Microsoft reveals Windows 8.1 pricing, brings back full retail versions - gHacks Tech News

Microsoft reveals Windows 8.1 pricing, brings back full retail versions

Microsoft announced the pricing and packaging of the upcoming Windows 8.1 operating system today. According to the announcement, Windows 8.1 will be available for $119.99, and Windows 8.1 Pro for $199.99 both as a download and retail.

Users can still convert from the regular version to Pro for $99.99, and purchase the Media Center upgrade for $9.99 provided that they are Pro users.

To clarify, upgrades from Windows 8 to Windows 8.1 are free.

Interesting from a system builder perspective is the fact that Microsoft will make available full retail copies of the operating system again, something that it did not make available when it released Windows 8 in October 2012.

While customers had options to purchase so called system builder editions, these versions were not that easy to find online and Microsoft seems to have put most efforts into pushing out the upgrades instead.

This is good news for users who want to run the operating system in a virtual environment, install it on a PC that they have build from scratch, or install it on a second hard drive partition.

What about upgrades from previous operating systems? Windows 7 users can upgrade to Windows 8.1 using retail DVDs or downloads. They won't be able to keep their programs though, but files will remain available.

windows 8.1 retail box

The company notes that Windows 8.1 has not been designed for installations on devices running Windows XP or Vista. Microsoft recommends that users buy the retail DVD of Windows 8.1 and do a clean install of the operating system. That's not a confirmation that direct upgrades won't work though, and it remains to be seen if this is indeed the case or if there are workarounds that allow you to upgrade directly from XP or Vista to Windows 8.1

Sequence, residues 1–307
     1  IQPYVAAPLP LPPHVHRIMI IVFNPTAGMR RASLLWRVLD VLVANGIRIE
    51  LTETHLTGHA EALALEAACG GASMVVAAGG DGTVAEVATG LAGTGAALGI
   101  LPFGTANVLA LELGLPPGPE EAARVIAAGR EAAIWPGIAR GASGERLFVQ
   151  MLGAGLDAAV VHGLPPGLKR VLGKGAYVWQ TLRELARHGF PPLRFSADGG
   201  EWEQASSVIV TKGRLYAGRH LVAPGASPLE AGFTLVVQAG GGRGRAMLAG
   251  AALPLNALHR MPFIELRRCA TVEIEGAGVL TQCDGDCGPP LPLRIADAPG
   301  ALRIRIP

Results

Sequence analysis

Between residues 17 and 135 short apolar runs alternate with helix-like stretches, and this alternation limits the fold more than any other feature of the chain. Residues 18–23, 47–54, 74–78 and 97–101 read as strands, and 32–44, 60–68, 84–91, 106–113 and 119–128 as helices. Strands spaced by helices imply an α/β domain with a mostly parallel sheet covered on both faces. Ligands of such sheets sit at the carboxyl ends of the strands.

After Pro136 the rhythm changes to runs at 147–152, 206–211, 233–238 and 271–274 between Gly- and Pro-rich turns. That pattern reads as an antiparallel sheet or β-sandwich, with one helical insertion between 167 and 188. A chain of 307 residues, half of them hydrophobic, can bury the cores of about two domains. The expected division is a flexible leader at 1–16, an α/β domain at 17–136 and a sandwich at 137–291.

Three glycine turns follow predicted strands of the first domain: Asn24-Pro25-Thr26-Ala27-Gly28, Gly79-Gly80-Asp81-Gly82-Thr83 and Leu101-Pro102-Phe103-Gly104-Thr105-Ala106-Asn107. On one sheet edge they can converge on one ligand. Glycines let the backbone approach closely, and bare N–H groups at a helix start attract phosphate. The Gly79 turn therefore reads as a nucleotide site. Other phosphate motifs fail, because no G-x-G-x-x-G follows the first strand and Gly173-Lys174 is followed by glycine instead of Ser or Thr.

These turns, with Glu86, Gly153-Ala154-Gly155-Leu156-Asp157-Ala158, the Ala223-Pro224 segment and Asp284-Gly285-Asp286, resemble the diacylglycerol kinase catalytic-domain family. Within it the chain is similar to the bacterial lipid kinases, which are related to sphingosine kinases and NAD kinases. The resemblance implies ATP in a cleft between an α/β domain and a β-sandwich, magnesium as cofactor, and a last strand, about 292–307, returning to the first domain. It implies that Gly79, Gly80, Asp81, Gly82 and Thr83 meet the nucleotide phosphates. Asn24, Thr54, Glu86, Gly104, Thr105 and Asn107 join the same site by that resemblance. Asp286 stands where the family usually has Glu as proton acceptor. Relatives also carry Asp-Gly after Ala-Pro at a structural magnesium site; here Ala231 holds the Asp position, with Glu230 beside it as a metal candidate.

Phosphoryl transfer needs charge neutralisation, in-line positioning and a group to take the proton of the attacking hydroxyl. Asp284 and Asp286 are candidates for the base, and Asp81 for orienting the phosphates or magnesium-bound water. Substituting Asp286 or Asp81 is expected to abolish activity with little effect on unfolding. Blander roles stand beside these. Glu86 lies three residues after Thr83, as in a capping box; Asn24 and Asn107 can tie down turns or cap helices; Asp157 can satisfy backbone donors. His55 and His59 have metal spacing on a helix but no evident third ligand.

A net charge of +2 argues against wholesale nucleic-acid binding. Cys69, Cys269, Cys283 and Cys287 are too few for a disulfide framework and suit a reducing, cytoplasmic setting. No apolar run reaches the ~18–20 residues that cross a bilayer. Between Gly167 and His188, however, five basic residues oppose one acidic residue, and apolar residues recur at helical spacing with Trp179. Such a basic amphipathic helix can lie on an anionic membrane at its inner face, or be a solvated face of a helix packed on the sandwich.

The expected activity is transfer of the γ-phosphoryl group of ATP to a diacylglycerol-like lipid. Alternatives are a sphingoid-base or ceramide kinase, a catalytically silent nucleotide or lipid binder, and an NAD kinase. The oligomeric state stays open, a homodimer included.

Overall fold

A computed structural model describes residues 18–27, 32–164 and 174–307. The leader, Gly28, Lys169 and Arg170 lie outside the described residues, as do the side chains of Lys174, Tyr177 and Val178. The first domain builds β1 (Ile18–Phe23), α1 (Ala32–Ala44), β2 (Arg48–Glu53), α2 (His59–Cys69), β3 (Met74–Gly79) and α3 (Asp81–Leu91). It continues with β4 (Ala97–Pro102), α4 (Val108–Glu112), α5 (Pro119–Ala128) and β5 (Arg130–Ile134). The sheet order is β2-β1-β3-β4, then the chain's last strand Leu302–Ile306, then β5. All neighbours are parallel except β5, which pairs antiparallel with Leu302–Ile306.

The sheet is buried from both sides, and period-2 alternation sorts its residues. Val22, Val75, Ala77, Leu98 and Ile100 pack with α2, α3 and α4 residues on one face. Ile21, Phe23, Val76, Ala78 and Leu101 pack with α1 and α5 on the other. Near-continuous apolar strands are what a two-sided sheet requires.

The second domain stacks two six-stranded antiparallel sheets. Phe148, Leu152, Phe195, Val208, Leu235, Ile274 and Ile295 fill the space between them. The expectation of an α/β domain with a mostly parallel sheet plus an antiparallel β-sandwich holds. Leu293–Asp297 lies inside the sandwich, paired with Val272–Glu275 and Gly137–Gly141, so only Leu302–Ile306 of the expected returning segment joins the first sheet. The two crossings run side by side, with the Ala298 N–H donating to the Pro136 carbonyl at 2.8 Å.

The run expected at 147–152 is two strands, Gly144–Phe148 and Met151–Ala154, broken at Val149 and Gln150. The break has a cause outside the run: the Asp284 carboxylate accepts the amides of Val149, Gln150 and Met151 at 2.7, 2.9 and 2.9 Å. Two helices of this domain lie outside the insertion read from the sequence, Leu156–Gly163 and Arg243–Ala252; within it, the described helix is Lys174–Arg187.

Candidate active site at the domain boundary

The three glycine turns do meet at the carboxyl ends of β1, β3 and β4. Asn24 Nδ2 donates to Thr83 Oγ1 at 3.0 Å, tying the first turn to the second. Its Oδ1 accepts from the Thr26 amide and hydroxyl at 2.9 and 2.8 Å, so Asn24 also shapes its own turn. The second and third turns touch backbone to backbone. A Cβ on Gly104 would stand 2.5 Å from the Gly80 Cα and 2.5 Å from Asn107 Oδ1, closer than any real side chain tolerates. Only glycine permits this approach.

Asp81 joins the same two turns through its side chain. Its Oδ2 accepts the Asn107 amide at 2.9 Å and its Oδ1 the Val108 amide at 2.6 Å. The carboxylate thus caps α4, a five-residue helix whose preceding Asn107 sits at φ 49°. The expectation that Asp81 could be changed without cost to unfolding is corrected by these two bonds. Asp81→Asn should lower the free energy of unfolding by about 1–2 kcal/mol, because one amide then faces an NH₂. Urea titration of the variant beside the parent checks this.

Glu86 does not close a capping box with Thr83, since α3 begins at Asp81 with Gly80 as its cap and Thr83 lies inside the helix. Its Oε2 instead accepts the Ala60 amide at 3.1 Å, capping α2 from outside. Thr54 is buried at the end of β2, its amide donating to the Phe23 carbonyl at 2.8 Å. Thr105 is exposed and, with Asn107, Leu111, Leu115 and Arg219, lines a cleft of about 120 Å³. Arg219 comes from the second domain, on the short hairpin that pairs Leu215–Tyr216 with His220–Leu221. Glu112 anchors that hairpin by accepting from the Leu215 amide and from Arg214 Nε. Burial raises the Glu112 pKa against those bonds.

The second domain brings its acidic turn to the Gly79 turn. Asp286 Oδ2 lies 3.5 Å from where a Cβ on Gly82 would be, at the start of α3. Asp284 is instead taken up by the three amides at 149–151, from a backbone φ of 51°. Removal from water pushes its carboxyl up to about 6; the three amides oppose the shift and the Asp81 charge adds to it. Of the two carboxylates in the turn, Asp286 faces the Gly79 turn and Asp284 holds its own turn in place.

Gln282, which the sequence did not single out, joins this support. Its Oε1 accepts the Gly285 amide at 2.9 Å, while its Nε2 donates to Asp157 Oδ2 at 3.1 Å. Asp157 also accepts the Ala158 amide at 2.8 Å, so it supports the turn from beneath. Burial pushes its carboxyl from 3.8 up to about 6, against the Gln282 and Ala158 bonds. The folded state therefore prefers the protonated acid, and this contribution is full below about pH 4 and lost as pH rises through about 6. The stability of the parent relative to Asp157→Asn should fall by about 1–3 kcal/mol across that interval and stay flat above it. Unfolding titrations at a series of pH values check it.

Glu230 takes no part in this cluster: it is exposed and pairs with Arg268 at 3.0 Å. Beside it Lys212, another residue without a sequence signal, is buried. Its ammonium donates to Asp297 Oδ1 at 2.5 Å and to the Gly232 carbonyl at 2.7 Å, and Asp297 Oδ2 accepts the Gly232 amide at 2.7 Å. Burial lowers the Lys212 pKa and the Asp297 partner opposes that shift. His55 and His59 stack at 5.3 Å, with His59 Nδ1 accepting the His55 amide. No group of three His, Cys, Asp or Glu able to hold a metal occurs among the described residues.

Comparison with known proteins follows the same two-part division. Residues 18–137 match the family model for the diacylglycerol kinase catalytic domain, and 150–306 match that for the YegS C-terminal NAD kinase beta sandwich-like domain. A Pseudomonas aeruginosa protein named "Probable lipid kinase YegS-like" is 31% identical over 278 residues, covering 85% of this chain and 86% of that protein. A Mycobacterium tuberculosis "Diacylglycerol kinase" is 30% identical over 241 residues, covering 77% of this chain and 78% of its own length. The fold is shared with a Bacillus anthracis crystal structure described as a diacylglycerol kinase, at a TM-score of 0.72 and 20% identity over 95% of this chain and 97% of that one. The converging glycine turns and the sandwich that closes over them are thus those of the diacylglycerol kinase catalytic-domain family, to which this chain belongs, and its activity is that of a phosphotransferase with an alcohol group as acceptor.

Users of older Windows operating systems have another option. They can get Windows 8 instead, upgrade their operating systems to it, and then use the in-store upgrade to upgrade to Windows 8.1.

Closing Words

I welcome the return of retail versions of Windows 8.1. While it is certainly true that most users either bought a PC running Windows 8 right away or bought an upgrade to it because they had access to an older version of Windows, the lack of a retail copy limited a subset of the user base.

Considering that XP and Vista users are more likely to upgrade, it is not really clear why Microsoft did not put more effort into improving the upgrade experience for users of those operating systems.

Now read: The major changes in Windows 8.1

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Comments

  1. XenoSilvano said on September 18, 2013 at 7:35 am
    Reply

    WHAT (!?) $100 I thought Windows 8.1 was a complimentary update, what’s all this talk about money?

    People said that this sort of thing would happen, first you pay $80 to beta test Windows 8,
    then another $100 to have a solid Gold Master OS.

    Windows 8 to Windows 8.1 = $100 HA,HA,HA!

    1. Martin Brinkmann said on September 18, 2013 at 8:23 am